1. Insulin and Glucose Balance
One of the major metabolic disruptions in PCOS is due to insulin and glucose. For example, insulin resistance can result in higher insulin levels. This in turn can disrupt the glucose balance. Specifically, glucose cannot get inside a cell to help create energy. We know that when blood sugar isn’t balanced, it can cause fatigue, mood changes, and increased hunger.
Additionally, women who are considered lean are more prone to hypoglycemia (a.k.a. low blood sugar). This can also lead to fatigue. Other signs of hypoglycemia include muscle fatigue, nervousness, sweating, shakes, headaches, and vision changes.
2. Thyroid health
It is very important to assess the thyroid when dealing with PCOS. For one reason, hypothyroidism can look very similar to PCOS symptoms. These can include fatigue, weight gain, irregular cycles, hair loss, depression, and low libido. Additionally, research suggests that women with PCOS are at a higher risk of developing hypothyroidism. One of the explanations is that the diabetes and insulin resistance commonly seen in PCOS, can decrease Free T3 (active thyroid hormone) production. This can cause many hypothyroidism symptoms and eventually increase TSH.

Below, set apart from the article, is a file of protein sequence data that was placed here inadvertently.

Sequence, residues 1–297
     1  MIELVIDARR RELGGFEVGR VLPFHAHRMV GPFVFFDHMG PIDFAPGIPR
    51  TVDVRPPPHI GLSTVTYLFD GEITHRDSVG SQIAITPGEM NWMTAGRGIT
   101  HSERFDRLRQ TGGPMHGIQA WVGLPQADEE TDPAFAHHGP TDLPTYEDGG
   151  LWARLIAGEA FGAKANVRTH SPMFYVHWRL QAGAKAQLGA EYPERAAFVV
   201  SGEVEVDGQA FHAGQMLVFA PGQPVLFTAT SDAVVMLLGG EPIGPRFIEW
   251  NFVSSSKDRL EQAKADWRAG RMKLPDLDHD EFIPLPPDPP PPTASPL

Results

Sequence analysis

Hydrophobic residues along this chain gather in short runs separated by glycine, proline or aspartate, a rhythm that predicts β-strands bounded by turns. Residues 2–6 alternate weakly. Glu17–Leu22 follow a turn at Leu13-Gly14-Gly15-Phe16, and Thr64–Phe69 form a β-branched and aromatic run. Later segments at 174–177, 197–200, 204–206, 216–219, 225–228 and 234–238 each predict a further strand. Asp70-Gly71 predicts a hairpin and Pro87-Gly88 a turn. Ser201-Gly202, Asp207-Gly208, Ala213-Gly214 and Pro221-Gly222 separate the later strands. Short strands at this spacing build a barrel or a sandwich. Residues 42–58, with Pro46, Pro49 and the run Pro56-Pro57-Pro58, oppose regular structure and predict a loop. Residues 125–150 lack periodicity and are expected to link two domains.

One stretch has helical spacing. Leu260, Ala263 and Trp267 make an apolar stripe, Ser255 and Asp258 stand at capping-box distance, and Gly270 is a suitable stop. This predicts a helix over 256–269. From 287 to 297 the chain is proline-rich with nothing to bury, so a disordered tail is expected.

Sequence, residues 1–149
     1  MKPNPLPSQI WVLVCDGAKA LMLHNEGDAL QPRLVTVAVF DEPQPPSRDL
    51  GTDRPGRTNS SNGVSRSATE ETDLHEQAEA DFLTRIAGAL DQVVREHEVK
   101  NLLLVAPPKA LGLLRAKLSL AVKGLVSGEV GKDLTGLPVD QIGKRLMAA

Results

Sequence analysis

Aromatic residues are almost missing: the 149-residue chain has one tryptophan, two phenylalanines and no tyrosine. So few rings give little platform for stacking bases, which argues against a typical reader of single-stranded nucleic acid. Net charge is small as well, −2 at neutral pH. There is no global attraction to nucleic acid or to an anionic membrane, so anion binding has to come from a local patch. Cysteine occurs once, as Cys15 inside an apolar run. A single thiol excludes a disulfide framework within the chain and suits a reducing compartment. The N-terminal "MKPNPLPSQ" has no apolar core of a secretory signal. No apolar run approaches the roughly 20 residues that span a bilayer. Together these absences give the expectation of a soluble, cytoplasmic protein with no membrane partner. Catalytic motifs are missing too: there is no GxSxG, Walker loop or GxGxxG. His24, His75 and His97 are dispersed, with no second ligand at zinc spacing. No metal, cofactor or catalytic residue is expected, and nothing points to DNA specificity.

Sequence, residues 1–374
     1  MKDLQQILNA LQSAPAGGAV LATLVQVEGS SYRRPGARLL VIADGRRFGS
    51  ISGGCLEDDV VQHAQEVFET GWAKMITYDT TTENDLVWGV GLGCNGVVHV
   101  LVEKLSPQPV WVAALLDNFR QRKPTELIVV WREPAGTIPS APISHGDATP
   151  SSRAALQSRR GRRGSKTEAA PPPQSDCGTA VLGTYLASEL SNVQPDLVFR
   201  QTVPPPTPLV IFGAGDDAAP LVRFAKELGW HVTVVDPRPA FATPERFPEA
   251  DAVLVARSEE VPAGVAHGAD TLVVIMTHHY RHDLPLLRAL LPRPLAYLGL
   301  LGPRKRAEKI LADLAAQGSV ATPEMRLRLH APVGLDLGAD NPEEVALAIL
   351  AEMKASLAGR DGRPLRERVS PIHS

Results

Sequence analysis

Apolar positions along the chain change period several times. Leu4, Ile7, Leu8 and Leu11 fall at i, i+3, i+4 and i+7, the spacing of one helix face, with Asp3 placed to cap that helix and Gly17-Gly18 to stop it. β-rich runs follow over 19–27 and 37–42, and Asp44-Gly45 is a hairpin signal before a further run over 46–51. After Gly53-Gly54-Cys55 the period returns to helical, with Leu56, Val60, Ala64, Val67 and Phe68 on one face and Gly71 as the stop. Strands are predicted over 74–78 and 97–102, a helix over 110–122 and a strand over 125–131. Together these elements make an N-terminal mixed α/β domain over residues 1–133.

Furthermore, women with PCOS seem to have higher thyroid antibody levels. Thyroid peroxidase antibodies seen in Hashimoto’s Thyroiditis have been shown to be present in women with PCOS4. Additionally, it’s theorized that women with PCOS may be more predisposed to autoimmune disease. More investigation needs to be done on this, but it gives us an idea on how we can fully assess the thyroid when it comes to PCOS.
Read about all causes by clicking this link: https://www.whitelotusclinic.ca/4-causes-of-fatigue-in-pcos/